‘Inadequate’ Broadfield Primary School must do better following Ofsted visit

thegazette@jpress.co.uk
thegazette@jpress.co.uk

A primary school that is under new leadership following the departure of its popular headteacher has been deemed ‘inadequate’ by Ofsted inspectors.

Broadfield Primary School has seen changes to its leadership, management and governance since the last inspection back in November 2011 when the education watchdog gave a ‘satisfactory’ ruling.

Christine Hall, head teacher, and James Edwards, deputy head, at Broadfield Primary School, Hemel Hempstead.

Christine Hall, head teacher, and James Edwards, deputy head, at Broadfield Primary School, Hemel Hempstead.

Following the latest visit – in September – the Windmill Road school will now receive regular monitoring by Ofsted inspectors to ensure that improvements are made.

The ‘inadequate’ stamp means that the school has ‘serious weaknesses’. But in a letter sent home to parents by the school’s chair of governors Nick Evans he said there is already evidence that the school is making improvements under the new leadership.

Ofsted inspectors, who observed 24 lessons or part-lessons, graded the achievement of pupils and the quality of teaching as inadequate and said the behaviour and safety of pupils along with leadership and management requires improvement.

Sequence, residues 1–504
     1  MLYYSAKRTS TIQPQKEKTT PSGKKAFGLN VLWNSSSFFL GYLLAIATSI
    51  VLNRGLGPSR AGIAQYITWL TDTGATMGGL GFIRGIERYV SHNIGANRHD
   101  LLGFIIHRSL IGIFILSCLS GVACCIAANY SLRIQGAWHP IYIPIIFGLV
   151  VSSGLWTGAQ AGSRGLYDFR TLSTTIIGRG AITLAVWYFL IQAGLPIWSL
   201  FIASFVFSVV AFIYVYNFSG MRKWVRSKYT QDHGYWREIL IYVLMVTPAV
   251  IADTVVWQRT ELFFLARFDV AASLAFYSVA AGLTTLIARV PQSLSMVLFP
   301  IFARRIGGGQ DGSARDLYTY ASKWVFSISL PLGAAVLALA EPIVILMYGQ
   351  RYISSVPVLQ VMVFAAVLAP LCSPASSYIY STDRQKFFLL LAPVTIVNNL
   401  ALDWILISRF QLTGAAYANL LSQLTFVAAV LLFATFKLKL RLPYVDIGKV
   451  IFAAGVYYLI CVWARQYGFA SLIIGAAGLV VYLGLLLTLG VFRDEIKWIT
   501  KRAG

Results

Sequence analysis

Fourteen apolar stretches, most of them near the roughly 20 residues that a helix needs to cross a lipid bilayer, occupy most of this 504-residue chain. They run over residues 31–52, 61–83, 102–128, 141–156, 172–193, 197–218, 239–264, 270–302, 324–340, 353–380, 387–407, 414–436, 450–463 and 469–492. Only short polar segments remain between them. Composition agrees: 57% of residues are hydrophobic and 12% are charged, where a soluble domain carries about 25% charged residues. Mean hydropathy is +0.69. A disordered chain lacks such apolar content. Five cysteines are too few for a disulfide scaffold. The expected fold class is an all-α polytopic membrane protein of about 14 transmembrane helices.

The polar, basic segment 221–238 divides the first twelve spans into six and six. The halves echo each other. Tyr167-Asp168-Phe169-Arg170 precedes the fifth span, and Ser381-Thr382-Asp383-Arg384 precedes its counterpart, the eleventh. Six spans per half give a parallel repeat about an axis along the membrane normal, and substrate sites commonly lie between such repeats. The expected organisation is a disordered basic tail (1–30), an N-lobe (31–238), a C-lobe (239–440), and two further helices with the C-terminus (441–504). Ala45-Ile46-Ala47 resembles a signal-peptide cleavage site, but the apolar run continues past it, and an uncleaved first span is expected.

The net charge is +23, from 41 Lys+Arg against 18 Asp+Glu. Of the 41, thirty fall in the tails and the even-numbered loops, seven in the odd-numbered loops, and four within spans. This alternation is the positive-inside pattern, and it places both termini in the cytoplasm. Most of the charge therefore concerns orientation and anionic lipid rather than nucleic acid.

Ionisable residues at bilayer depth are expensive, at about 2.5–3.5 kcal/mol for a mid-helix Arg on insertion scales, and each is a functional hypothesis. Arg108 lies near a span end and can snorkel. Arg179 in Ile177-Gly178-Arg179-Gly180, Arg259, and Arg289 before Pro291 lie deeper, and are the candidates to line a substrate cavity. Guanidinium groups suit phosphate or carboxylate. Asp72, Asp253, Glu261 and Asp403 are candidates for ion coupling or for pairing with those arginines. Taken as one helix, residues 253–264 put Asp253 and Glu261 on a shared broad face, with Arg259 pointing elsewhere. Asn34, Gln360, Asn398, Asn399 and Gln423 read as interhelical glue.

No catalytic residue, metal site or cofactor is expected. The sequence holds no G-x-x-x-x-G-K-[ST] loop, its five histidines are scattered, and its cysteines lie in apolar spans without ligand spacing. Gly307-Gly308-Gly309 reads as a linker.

Matthew Heasman, the Adeyfield school’s headteacher of 10 years, resigned earlier this year and a temporary headteacher – Elizabeth Foster, who was a senior teacher within the school already – was drafted in to take over the mantle as part of an executive leadership team, which included Allan Lowe. Christine Hall has since been appointed headteacher.

Mr Evans stressed that the Ofsted judgement is made based on the school’s three- year position. He said: “As you read through the report you will notice much comment which is positive and recognises the recent work done by Mr Lowe and Mrs Hall.

“The Ofsted inspectors highlight substantial and recent changes to leadership and governance which have led to improvements in teaching, achievement, behaviour and attendance but given the emphasis on consistency over time. Of course, there remains much work to do.”